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Tigers start task of living up to high expectations

Tigers start task of living up to high expectations

Tigers start task of living up to high expectations play video for Tigers start task of living up to high expectations
LAKELAND, Fla. -- The Tigers have heard about expectations for five months.

When they entered the offseason, they were American League contenders.

When they lost Victor Martinez for the season with a knee injury, they were suddenly a little vulnerable atop the American League Central.

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When they answered by signing Prince Fielder, they were American League favorites to some.

When they started out Spring Training on a tear, they became World Series favorites for many.

When Justin Verlander leads them onto the field Thursday afternoon at Comerica Park to take on the Red Sox, they'll be 0-0.

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And with the first pitch, predictions and expectations will be over.

"I think high expectations are for everybody else," manager Jim Leyland said last week. "I can't get into all that, because I know the work that has to be done.

"It all depends on how you accept those expectations. If you handle those properly, then normally things work out good. If you don't, then they don't work out as good. I like expectations, because that means you have a good team. I'm certainly glad that everybody's hyped up and everything, and I would never want to temper that, but I can't get into that. We've got a lot of work to do. We've got a lot of games to play against good teams."

All spring, Leyland has tried to get his team to embrace the expectations. People don't expect that from you, he would say, unless you have a good team. This is the same manager who once said the Twins deserved high expectations rather than overachiever status back when they had the American League Cy Young Award winner in Johan Santana, the MVP in Justin Morneau and a batting champion in Joe Mauer.

Leyland has the same thing with AL pitching Triple Crown winner Justin Verlander and Miguel Cabrera. The manager also has a former National League home run champion in Prince Fielder who could win it in the AL, and a Rolaids Relief Man of the Year winner who didn't blow a save last year in Jose Valverde.

As individual seasons go, the Tigers were going to have a lot to defend whether they did anything in the offseason or not. Now that owner Mike Ilitch made the commitment and added Fielder, the team expectations might be the highest of them all.

"No offense to the Brewers when I was there, but when I was there, I don't think our team can match the level of talent we have on this team," Fielder said last week. "I mean, we've got the Cy Young and the MVP. Just imagine that: That you have one guy with both. We didn't have that. We had a batting champion in Braunie [Ryan Braun] this year, but as far as the total, I think we have a lot of talent [here].

"So it's just going to be high expectations because of the moves that Mr. I made in the offseason. ... Of course, there's supposed to be a lot of pressure, because Mr. I is doing his part. So it's time to do our part."

It won't be easy.

The last team with these kind of expectations, last year's Boston Red Sox, will be known for an awful start and an even worse finish that cost them a postseason spot and caused an organizational overhaul. They won't be remembered for the 72-37 baseball they played from May through August.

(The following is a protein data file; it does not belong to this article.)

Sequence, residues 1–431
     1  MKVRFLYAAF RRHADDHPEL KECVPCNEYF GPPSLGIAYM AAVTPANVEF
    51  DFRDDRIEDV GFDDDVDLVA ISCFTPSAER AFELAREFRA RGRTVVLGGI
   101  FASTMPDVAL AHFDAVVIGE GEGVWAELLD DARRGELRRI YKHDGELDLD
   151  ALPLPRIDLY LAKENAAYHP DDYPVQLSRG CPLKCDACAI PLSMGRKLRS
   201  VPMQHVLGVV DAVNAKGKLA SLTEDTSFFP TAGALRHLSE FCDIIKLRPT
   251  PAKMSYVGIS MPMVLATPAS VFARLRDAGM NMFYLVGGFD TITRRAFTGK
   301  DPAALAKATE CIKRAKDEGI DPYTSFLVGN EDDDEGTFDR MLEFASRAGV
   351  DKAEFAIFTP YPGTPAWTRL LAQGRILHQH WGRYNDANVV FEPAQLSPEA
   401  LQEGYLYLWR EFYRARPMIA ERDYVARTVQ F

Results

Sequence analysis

Leyland doesn't need to be reminded. He knows what happens when teams aren't as good as advertised, because he lived through it with the Tigers in 2008. Everybody has said this team is different. The pitching is better, for one, especially the bullpen, and the core of the team is much, much younger. The supporting cast has way more talent.

That doesn't mean the Tigers are frostproof. One look at their early schedule maps out how they could get off to a slow start and lead to the same critiques the Red Sox heard a year ago and the Tigers heard during their 0-7 start in '08.

Thirteen of their first 22 games are against teams that won at least 90 games last year. By the time they return from New York at the end of the month, they'll have faced every other team from the AL postseason, including a four-game ALCS rematch with the Rangers at Comerica Park April 19-22.

It's almost fitting that out of the gate, they'll face last year's can't-miss team, the Red Sox, with a new manager. They'll face a lot of good lineups looking to get to the Tigers' rotation, and they'll face a Rays pitching staff that can stifle any offense.

In theory, they could play the same caliber of baseball that won them the AL Central last September and be a .500 team or worse. And that's when they'll be challenged about expectations.

"I think we'll have the right approach to this," Leyland said. "I've been preaching it all spring, so certainly we should have the right approach to it, which is to focus on the task at hand and nothing else. Don't focus on the negative. Don't focus on the positive. Just focus on today's game, who we're playing.

"I've really preached long on that, long this spring about that. I've reminded them almost every meeting. Don't get wrapped up. Because what happens, I'm smart enough to know that if you don't get off good, everybody's going to start. They'll be negative about that. That's only natural."

At the same time, Leyland says he wants the Tigers to focus on winning series. Win two out of three more than not, and they'll get themselves back to the postseason. Then they can have a new season, with new expectations.

The current expectations turn into reality Thursday.

Jason Beck is a reporter for MLB.com. Read Beck's Blog and follow him on Twitter @beckjason. This story was not subject to the approval of Major League Baseball or its clubs.

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